しあわせになる英語 English for Happiness


「グローバル時代の幸福と社会的責任: その2 ”慈愛”」 “Happiness and Virtue : No.2_ Benevolence”


This book is originally written in English, beyond West and East, in order to search for the way to allow happiness to be realized in a globally and socially responsible manner. No.2, about “Benevolence”――more to come both in English and in Japanese.



Somebody might, for example, visit the elderly in the community with a gift of seasonal fruit or some other delicacy. The local community could well applaud such behavior as an example of benevolence, since this is a virtue that people ascribe to an individual who behave generously and compassionately towards others, especially to those who are suffering or in need.



More considered analysis of such a case, however, reveals that seemingly benevolent deeds in certain situations do not necessarily signify that a benevolent mind is at work prompting such conduct. Acts that appear benevolent can be performed in order to enhance one’s own reputation in society or to get something in return from the other party.



Moreover, even if individuals do act with a benevolent mind in one particular instance, this does not necessarily mean that they can be relied on to behave benevolently at all times and under all circumstances. Therefore, when discussing benevolence the key consideration is not necessarily whether people act in a seemingly benevolent way on occasion, but rather whether they have a benevolent mind and what role this plays relative to their whole mental functioning. If benevolence really has a permanent presence in the mind and heart, it will in due course find expression in one way or another according to circumstances.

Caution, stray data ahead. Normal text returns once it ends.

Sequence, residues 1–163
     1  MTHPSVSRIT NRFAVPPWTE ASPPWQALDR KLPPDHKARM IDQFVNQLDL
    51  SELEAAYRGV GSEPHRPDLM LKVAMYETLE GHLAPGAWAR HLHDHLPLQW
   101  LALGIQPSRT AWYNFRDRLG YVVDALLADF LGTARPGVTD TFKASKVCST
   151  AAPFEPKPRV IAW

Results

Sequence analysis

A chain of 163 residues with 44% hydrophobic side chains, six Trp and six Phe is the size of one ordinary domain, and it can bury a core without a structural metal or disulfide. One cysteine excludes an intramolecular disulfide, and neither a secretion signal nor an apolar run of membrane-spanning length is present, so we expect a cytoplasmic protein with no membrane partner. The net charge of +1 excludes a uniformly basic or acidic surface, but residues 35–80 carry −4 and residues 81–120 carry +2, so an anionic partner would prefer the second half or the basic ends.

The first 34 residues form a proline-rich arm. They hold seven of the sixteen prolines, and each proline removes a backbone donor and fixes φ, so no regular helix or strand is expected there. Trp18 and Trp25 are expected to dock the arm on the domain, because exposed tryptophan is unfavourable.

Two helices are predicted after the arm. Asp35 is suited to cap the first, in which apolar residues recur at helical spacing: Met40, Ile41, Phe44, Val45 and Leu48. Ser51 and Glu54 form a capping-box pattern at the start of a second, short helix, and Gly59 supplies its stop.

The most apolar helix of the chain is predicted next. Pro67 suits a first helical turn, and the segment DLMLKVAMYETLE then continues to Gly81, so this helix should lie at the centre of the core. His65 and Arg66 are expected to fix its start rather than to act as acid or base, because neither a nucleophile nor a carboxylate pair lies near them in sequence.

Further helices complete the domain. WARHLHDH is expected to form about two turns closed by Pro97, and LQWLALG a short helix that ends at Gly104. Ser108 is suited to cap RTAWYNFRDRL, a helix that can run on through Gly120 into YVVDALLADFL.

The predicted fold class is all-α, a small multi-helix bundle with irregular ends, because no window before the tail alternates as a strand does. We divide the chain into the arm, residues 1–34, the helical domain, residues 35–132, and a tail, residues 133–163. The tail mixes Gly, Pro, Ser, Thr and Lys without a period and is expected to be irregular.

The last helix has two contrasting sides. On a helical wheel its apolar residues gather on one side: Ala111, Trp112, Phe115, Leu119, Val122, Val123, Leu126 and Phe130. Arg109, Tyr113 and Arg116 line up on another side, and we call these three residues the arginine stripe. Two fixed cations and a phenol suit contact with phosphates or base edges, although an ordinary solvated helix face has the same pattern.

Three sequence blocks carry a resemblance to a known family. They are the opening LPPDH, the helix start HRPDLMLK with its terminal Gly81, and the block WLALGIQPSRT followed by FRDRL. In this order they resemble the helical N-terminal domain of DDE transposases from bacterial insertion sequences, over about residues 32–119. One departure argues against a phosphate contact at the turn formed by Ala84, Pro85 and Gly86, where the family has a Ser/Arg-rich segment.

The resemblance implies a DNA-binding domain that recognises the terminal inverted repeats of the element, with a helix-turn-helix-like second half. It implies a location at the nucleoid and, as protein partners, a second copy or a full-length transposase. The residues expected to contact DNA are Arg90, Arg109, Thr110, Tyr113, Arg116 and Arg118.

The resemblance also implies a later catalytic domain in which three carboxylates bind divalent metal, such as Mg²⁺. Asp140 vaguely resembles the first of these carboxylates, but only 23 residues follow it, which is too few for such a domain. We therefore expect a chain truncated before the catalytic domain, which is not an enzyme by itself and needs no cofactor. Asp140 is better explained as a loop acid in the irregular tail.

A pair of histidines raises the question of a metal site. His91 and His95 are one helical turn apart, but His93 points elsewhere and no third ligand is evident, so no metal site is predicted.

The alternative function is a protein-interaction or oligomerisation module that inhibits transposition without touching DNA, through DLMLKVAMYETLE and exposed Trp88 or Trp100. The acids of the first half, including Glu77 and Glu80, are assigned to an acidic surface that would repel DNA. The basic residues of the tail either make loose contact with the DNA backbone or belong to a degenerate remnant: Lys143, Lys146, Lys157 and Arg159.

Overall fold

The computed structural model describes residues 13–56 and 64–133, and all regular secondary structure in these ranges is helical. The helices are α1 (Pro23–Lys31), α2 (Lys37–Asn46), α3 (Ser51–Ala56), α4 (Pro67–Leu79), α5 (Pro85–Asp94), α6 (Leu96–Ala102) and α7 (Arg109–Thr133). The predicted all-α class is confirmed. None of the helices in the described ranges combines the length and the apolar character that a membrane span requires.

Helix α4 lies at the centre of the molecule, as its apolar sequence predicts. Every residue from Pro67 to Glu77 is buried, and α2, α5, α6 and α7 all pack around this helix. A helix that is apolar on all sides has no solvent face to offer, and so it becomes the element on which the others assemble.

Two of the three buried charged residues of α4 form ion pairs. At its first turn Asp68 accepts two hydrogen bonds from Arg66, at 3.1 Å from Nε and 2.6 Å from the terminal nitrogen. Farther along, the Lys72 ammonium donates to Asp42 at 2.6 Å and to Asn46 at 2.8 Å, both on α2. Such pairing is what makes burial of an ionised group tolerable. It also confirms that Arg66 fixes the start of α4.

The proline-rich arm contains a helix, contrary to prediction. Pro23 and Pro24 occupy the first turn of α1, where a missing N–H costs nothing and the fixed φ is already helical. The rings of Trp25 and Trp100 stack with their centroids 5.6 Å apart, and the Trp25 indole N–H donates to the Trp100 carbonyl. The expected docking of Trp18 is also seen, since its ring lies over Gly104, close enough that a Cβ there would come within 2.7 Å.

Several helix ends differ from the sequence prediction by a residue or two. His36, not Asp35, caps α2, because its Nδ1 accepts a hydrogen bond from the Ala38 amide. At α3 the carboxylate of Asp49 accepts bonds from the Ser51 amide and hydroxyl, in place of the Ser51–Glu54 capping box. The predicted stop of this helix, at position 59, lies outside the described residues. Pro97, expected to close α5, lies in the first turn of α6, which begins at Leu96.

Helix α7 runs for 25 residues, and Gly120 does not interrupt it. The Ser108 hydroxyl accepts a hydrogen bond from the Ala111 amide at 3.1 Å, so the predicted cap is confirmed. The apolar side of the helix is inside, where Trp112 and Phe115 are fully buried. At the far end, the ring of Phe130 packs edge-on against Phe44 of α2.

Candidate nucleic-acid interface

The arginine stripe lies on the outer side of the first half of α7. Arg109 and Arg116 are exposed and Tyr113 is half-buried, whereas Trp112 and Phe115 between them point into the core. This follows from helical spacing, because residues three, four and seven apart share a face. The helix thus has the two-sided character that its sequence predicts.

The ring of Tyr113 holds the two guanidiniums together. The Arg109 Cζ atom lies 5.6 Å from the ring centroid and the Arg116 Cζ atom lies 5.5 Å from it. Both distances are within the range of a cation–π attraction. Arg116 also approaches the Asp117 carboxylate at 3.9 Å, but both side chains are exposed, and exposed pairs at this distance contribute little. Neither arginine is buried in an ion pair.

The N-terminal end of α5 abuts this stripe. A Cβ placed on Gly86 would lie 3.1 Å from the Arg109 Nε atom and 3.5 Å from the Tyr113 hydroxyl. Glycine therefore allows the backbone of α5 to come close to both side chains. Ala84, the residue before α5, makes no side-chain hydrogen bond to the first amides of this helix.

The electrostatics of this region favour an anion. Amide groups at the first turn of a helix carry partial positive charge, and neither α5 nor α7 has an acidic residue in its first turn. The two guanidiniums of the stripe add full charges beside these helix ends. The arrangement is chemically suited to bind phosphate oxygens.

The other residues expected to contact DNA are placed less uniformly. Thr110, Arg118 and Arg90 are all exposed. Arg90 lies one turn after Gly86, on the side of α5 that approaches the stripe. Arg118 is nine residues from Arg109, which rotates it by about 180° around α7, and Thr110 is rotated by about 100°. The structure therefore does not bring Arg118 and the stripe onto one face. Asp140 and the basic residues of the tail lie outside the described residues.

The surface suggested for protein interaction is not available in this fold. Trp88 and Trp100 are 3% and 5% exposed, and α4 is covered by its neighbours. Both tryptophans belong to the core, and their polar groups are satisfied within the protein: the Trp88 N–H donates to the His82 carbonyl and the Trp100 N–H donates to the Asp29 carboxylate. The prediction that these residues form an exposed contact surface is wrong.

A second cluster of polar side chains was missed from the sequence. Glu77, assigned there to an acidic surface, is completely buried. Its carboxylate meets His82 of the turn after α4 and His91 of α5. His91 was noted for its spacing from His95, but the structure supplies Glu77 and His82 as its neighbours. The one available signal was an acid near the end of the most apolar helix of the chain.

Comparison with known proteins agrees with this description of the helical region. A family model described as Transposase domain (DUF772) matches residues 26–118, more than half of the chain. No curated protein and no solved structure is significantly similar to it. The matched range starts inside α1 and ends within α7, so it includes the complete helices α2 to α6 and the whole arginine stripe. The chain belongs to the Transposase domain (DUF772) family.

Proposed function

If we accept benevolence as a mental state that involves caring for others and behavior that promotes their happiness, it clearly cannot be limited to our children, family members, close friends or other important people close to us. It must include all humankind and beyond even that, all that exists on earth and is connected with our lives, since caring for and respecting all human beings is simply not possible if we exclude the animals and plants that grow alongside us. This is because not only do we co-exist with them, we also depend on their existence to support our own. Beyond that, of course, we are also sustained by our natural, inanimate environment, relying as we do on the sun, air, water, soil, and oceans that provide us with so much of what we need.



In respect of human society, too, we receive great benefits in the form of electric power, water and waste facilities, transportation, communication facilities and so on. Rather than exploiting all these benefits provided by nature and human society selfishly and thoughtlessly, we need to accept all we are given with a sense of gratitude. That will then form the basis of a caring attitude that should inform our relationships with everything, animate and inanimate, that helps to sustain our lives.



Thought of in this way, benevolence in its broadest sense means caring for and respecting all that exists in our surroundings and thereby enhancing the quality of our relationships with all our surroundings. By taking an active interest in all that surrounds us, by expanding the sphere of our interactions with it, and by developing a sense of gratitude towards it we will enhance the quality of our relationships with our surroundings in the spirit of care and respect.



Of course, we need to be aware that these relationships extend across time as well as space, for we are connected with all that has existed in the past as well as with that will exist in the future. In sum, benevolence of mind can only be acquired by examining all our relationships in a serious and radical manner.




My THIRD anthology has been published.

Please  order it from Amazon if you are interested in.















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